ROME (Reuters) – The u.s. ambassador in Italy, Lewis Eisenberg, met Telecom Italia (TIM)’s CEO Luigi Gubitosi, on Wednesday, the US embassy said.
Luigi Gubitosi speaks during a press conference on the Alitalia headquarters in Rome Leonardo da Vinci-Fiumicino airport, Italy May 10, 2017. REUTERS/Remo Casilli
The U. S embassy and Telecom Italia declined to comment on whether the visit was related to the US demands that the European allies do not make use of technology supplied by the chinese Huawei International.
Huawei, the world’s largest producer of telecommunications equipment, faces international control over its ties with the Chinese government, and the presumption Beijing could use its technology for espionage — something the company has denied.
Eisenberg saw TIM’s chief “as part of the ongoing outreach with Italian and U. S private-sector leaders,” the U.S. embassy said on Twitter, adding that the meeting had been “pleasant”.
Eisenberg no response to Reuters at the end of his visit to the TIM’s headquarters in Rome, which lasted for about 30 minutes.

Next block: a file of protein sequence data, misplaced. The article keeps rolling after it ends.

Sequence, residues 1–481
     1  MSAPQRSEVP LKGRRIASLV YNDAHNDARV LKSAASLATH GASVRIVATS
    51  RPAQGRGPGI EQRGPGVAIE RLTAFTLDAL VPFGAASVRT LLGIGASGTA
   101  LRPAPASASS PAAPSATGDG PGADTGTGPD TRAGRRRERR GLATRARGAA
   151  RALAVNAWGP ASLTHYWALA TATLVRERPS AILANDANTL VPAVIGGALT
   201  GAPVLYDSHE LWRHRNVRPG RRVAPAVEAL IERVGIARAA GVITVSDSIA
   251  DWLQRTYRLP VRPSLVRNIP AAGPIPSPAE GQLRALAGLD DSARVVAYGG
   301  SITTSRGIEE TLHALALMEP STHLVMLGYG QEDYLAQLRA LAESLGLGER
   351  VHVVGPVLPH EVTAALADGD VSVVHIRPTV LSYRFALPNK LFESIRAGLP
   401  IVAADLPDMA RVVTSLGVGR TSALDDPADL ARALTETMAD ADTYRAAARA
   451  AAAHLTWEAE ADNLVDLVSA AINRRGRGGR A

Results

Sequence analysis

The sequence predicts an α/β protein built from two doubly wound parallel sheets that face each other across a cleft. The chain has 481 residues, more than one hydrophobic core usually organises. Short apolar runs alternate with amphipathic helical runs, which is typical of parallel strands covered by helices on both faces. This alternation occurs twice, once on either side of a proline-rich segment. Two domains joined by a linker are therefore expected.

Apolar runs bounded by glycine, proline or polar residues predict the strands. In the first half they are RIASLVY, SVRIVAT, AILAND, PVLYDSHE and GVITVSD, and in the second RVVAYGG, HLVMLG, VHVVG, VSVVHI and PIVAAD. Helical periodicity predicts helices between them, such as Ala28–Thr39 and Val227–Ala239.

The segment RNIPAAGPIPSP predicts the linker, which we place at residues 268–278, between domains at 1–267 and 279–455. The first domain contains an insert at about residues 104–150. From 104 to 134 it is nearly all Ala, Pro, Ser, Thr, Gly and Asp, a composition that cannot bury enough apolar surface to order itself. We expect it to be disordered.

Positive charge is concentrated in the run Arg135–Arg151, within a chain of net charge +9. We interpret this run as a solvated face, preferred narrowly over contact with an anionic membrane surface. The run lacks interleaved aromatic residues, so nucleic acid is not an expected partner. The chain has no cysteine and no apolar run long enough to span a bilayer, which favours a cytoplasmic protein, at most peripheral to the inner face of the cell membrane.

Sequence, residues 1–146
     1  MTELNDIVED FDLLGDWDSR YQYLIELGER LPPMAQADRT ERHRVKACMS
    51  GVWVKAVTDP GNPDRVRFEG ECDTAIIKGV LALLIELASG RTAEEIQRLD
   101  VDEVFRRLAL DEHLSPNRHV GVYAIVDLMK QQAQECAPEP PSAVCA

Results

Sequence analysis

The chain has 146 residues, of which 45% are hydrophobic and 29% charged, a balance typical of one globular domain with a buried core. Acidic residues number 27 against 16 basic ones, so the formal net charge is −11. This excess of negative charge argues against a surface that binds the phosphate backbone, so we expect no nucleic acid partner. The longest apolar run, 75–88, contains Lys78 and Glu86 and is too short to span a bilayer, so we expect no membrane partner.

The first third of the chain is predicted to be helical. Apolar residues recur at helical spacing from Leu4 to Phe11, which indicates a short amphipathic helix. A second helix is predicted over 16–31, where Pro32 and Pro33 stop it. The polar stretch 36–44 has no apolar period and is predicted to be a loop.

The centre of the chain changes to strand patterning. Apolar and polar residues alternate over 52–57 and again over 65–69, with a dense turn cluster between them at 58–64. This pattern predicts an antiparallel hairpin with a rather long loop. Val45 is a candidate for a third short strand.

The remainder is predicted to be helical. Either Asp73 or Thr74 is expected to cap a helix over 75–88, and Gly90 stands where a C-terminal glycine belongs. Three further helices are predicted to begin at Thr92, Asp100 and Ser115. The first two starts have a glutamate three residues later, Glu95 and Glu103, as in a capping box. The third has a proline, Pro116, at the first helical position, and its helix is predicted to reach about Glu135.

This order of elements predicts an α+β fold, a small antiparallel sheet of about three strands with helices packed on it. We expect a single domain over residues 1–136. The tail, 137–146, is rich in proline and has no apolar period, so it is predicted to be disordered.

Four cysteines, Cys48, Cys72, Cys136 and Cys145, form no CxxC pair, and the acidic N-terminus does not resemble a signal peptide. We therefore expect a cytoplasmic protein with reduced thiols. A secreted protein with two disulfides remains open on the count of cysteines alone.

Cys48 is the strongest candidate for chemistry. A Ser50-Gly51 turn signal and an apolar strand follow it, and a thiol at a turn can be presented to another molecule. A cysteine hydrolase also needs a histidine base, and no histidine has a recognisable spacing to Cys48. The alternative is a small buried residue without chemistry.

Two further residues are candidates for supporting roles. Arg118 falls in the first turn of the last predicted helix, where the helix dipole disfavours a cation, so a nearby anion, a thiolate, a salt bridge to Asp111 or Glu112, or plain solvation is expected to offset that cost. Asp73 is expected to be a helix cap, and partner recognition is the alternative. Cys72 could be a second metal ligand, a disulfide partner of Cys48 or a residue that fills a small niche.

The US Secretary of State Mike Pompeo warned the European allies on Monday against the deployment of equipment from Huawei on their land, saying it would make it more difficult for Washington to partner with them.”
However, there are signs that some European governments are reluctant to heed Washington’s call.
The head of the uk’s National Cyber Security Centre said on Wednesday Britain has been able to manage the security risks associated with the use of Huawei equipment in the national telecom networks and has not seen any evidence of malicious activity by the company.
The German minister of economy said earlier this week the government is still talking about the question of whether Huawei will be allowed to take part in the construction of the country’s high-speed internet infrastructure.
Italy ministry of industry, meanwhile, has denied the press was ready for a ban Huawei and ZTE Corp. of playing a role in the construction of the fifth-generation mobile network under US pressure.
TIM has said that it will continue to work with Huawei until otherwise specified by the government.
TIM and Fastweb are part of a consortium with Huawei testing 5G infrastructure in the southern cities of Bari and Matera.
Huawei has worked with Vodafone in the development of a high-speed network in Milan.
Reporting by Steve Scherer; Writing by Giselda Vagnoni; Editing by Crispian Balmer and David Evans